. can we ensure each obj' has an id
by locking it in one place
so that the address is the id?
7.27:
. the state space I see so far:
{ does the obj emit signals or not? }
x { does obj`id come from address being fixed
or from having an id# stored within value of self?}

. if we copy an obj, does that include its
signal connections?
signaling is an obj- vs value-based attribute;
(ie, if a var x = 2 is in a signal connection
we care about changes to x,
not about changes to any vars of value 2 );
so, in addition to copy-obj,
there should be a separate ability to
copy an obj's signaling connections .

. there can also be separate connection directions:
direction# out(obj emits signals):
[7.30:
. when an obj' emits signals,
that shows up at the notification center as
for obj#eg --(our example)
  for signal#1 do slot#eg-1
  for signal#2 do slot#eg-2 ...
so if we want our copy's signaling
to have the same effect as the originals's,
then the copy's slots should each point at
the corresponding original's slots .]
direction# in(obj listens for signal):
[7.30:
. when we say an obj listens for a signal,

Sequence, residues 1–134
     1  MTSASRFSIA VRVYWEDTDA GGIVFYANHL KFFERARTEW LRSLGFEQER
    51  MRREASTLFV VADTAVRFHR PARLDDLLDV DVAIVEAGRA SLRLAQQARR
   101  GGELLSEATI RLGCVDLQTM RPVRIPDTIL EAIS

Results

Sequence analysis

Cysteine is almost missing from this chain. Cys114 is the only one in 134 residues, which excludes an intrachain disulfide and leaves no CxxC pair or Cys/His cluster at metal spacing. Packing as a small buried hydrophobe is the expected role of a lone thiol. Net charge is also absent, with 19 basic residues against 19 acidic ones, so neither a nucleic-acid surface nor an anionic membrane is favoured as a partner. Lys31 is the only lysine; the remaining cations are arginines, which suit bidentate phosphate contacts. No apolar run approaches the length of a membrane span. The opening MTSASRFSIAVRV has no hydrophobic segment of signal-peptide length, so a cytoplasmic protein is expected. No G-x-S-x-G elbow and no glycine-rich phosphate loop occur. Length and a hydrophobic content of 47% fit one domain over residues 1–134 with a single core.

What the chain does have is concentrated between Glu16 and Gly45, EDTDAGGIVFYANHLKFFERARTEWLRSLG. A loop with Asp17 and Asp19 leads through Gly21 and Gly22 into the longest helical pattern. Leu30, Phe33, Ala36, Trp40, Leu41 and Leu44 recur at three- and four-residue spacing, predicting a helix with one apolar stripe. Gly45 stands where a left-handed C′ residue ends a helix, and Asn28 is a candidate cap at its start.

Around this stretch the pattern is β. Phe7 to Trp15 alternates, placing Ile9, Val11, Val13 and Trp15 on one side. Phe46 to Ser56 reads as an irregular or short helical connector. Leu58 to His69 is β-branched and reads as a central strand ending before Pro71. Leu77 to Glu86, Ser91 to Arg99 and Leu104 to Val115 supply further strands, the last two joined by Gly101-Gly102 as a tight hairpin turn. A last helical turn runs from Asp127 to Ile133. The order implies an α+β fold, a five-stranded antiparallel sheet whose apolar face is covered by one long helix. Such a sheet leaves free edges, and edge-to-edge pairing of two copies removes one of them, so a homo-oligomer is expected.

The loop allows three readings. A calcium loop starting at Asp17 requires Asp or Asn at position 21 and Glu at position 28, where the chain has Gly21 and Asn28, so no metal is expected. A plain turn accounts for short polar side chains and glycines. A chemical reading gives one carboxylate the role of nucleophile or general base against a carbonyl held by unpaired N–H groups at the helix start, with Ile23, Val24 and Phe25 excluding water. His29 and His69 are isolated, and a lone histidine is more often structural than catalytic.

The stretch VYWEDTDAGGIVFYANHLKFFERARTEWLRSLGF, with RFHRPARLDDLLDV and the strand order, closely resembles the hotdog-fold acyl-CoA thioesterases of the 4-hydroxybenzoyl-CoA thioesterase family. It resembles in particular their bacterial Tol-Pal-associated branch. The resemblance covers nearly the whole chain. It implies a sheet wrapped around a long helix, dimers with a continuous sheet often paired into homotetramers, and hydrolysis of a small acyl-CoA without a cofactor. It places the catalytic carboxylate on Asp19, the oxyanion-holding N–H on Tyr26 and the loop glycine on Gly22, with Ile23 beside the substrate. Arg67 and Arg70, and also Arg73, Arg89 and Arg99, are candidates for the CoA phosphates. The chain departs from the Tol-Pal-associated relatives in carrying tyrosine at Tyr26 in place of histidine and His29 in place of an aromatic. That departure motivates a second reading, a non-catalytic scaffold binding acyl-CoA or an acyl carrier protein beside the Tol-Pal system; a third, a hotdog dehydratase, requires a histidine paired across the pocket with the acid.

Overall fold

we mean it was the one that
ordered a signal connection
based on its own interests;
whereas a copy of that obj
may not have the same interests
(from being in a different context, etc);
however,
we could design relative connections:
the listener who makes this connection
is identifying itself to the notification center;
and all the slots are filled with relative methods:
(ie, the connection means:
when that signal happens,
ask the listener to do this method to itself).
. now when wanting to copy an obj's connections#in
we simply ask the notifier for them:
give me this obj's connections,
and copy them but with me as the listener .
. that would cover some the typical cases,
and then to deal with special situations,
an obj's documentation would simply indicate
that the connection copies are complex,
and could perhaps provide functions for
how to personalize the relevant slots .]

. the typical reason for signals
is to let the gui view inform the app model
of when some widget state has changed;
so the typical signal is ChangedValue;
but, even a rom-obj has a reason to emit
at least one signal: